Tuesday, September 7, 2010

The Isley Brothers - Twist and Shout (1959-1962)

First formed in the early '50s, the Isley Brothers enjoyed one of the longest, most influential, and most diverse careers in the pantheon of popular music -- over the course of nearly a half century of performing, the group's distinguished history spanned not only two generations of Isley siblings but also massive cultural shifts which heralded their music's transformation from gritty R&B to Motown soul to blistering funk. The first generation of Isley siblings was born and raised in Cincinnati, OH, where they were encouraged to begin a singing career by their father, himself a professional vocalist, and their mother, a church pianist who provided musical accompaniment at their early performances. Initially a gospel quartet, the group was comprised of Ronald, Rudolph, O'Kelly, and Vernon Isley; after Vernon's 1955 death in a bicycling accident, tenor Ronald was tapped as the remaining trio's lead vocalist. In 1957, the brothers went to New York City to record a string of failed doo wop singles; while performing a spirited reading of the song "Lonely Teardrops" in Washington, D.C., two years later, they interjected the line "You know you make me want to shout," which inspired frenzied audience feedback. An RCA executive in the audience saw the concert, and when he signed the Isleys soon after, he instructed that their first single be constructed around their crowd-pleasing catch phrase; while the call-and-response classic "Shout" failed to reach the pop Top 40 on its initial release, it eventually became a frequently covered classic. Read on +/-

Still, success eluded the Isleys, and only after they left RCA in 1962 did they again have another hit, this time with their seminal cover of the Top Notes' "Twist and Shout." Like so many of the brothers' early R&B records, "Twist and Shout" earned greater commercial success when later rendered by a white group -- in this case, the Beatles; other acts who notched hits by closely following the Isleys' blueprint were the Yardbirds ("Respectable," also covered by the Outsiders), the Human Beinz ("Nobody but Me"), and Lulu ("Shout").

The most essential lp's of The Isley Brothers in the sixties are in my opinion "Soul on the Rocks", witch they produced for Motown, and of course the psychedelic funky "It's Our Thing" on T-Neck Records. But also the more early rock 'n roll flavored long players "Shout" and "Twist and Shout" do find their way to collectors these days.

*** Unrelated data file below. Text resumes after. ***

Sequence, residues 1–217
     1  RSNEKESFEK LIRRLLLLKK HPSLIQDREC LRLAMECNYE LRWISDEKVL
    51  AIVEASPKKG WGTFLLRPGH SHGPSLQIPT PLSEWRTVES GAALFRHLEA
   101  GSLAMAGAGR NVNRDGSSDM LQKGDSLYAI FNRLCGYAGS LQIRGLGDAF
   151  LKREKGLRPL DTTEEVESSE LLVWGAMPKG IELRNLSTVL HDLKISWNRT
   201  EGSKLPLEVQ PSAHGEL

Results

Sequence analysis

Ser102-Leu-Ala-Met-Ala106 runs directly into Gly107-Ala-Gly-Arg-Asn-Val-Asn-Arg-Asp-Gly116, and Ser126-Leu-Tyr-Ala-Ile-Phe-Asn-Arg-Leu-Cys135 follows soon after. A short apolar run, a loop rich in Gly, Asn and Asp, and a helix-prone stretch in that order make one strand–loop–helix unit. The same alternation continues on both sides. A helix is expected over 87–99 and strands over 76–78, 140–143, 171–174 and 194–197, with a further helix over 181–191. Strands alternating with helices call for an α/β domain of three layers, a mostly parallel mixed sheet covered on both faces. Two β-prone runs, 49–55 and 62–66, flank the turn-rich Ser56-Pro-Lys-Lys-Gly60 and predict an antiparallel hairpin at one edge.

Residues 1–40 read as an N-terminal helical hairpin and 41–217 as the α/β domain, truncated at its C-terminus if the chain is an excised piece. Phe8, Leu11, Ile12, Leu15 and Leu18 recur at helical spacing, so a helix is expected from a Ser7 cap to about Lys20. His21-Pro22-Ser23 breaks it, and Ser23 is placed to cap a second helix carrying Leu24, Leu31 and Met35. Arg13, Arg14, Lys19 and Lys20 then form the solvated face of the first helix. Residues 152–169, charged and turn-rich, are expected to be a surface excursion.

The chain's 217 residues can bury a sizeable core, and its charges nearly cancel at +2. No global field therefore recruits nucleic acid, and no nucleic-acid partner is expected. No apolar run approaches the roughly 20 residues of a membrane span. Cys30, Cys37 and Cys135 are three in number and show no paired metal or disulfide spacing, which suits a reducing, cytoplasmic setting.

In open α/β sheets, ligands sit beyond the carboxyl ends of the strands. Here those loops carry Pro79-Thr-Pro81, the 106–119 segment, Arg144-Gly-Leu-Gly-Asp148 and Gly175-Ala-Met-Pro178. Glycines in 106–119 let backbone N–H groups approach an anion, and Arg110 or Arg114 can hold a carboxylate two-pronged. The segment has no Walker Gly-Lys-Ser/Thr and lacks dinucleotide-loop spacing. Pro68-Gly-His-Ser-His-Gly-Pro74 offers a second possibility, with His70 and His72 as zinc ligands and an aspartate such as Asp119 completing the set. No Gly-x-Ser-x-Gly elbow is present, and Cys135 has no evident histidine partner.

1959 LP Shout (US RCA Victor LPM-2156)
  1. Isley Brothers - When The Saints Go Marching In
  2. Isley Brothers - St. Isley Brothers - Louis Blues
  3. Isley Brothers - Yes Indeed
  4. Isley Brothers - How Deep Is The Ocean
  5. Isley Brothers - Ring-A-Ling-A-Ling
  6. Isley Brothers - Rock Around The Clock
  7. Isley Brothers - He's Got The Whole World In His Hands
  8. Isley Brothers - That Lucky Old Sun
  9. Isley Brothers - Respectable
  10. Isley Brothers - Without A Song
  11. Isley Brothers - Shout, Part 1
  12. Isley Brothers - Shout, Part 2
If you want to listen to the music... Look up in the right column.
Als je naar de muziek wilt luisteren... Kijk boven in de rechter kolom.

1962 LP Twist & Shout (US Wand LP-653)
  1. Isley Brothers - Twist And Shout
  2. Isley Brothers - I Say Love
  3. Isley Brothers - Right Now
  4. Isley Brothers - Hold On Baby
  5. Isley Brothers - Rubber Leg Twist
  6. Isley Brothers - The Snake
  7. Isley Brothers - You Better Come Home
  8. Isley Brothers - Never Leave Me Baby
  9. Isley Brothers - Spanish Twist
  10. Isley Brothers - Time After Time
  11. Isley Brothers - Let's Twist Again
  12. Isley Brothers - Don't You Feel
If you want to listen to the music... Look up in the right column.
Als je naar de muziek wilt luisteren... Kijk boven in de rechter kolom.

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